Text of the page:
manner us tho two giants bud doue.
Sim b -.i i -ht cloths and spoons uud
knive- ai: I fork". She was evidently
It sci'iu.,'-vomu:i in Mr. Avery's
" .vj-.au': v.-i!! r.vi.aij witayoj."
fni I X.". Aeiy, "iti potitively ui
Robert U ssEr.i Sous.) iif.
tare lor yon to tie in any place but tiiti
cave, aud it will perhaps be pleasant
for Miss Arnold to have a woman win
can tall: English with her as a com
I thanked the old man for his fore
"Now I want lo show you," sub:
Mr. Avery, "what kind of human
heings these are wko are kept iu this
soul-killiug slavery. Just cxainiuu,
that tablecloth and see if it is not a
clever piece of work."
Miss Arnold and I carried tho
cloth to the lamp and closely ex
What would you say it was?" asked
'".Silk," I replied unhesitatingly.
"No; I idiould cull it linen, but of t
marvelous texture," said Miss Arnold.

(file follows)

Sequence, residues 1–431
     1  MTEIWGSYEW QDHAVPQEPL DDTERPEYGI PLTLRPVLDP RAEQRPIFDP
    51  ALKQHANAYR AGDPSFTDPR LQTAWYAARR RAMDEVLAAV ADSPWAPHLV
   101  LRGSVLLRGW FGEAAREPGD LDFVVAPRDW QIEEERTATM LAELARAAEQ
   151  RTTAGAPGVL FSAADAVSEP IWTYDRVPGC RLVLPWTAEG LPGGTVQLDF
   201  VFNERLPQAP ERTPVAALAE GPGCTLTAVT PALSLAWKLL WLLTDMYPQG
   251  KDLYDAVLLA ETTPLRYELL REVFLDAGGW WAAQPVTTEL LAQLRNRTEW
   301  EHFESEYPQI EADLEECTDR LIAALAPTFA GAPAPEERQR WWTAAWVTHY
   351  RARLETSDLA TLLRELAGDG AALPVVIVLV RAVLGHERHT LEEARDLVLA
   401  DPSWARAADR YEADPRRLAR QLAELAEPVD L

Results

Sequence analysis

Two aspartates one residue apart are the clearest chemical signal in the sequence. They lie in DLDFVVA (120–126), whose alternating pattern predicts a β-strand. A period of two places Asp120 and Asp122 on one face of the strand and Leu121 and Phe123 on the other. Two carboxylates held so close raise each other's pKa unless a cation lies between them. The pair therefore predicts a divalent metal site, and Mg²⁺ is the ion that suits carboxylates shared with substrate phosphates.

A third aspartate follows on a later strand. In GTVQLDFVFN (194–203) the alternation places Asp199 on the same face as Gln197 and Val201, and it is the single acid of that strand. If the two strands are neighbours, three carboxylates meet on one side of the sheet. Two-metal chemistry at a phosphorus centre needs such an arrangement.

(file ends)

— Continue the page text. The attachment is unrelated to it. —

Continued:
"It is neither. You havo perhaps
heard of China-grass, out of which the
grass-cloth luudkercliiefs sold in Paris
uud London nro made. A similar
grass grows here. It is, correctly
speaking, not a grass, but a liber.
The cloth is formed by twisting tho
threads, fust into long pieces nud
then into plaits, and subjecting them
to a weaving process known only to
these people. You will notice it is
nearly transparent in some places,
while in others there uro various
lityures, such us Mowers, birds and uni-
in. ii". It i.s uo rude people who do
"fudeed not!" I exclaimed. "It is
diainofiil to think of these people be
ing iu bondage. Have tiicy never
struck for liberty?
"No; their spirit i.s broken. They
hc.vo no alternative but to slave for
their heathen masters."
"Is there uot a moment when the
vigilauoo of tho guards is relaxed?
Never an opportunity to strike a blow?
Mr. Avery smiled sadly.
"What would they strike with:
There i.s not a weapon on the isluud
ruvo those in tho possession of our
masters aud these of yours. Aud iu
tbi'Jforlrcfs of tuiental there are thou
sands of Chinese cavalry."
"Itut can they keep titty thousand
of a noble race in abject slavery ' It
Mr. Avery shook his head.
"Wait," he haid. "You are an
American aud think of lighting an nn,
easy way to overthrow oppression, bn
you do not know the awfulnossof tho
condition in which these people really
nre. Why, to murmur aloud is to be
shot for treason.''
My blood was tip. I was lagiug
"13y thunder, Avery, T'll have that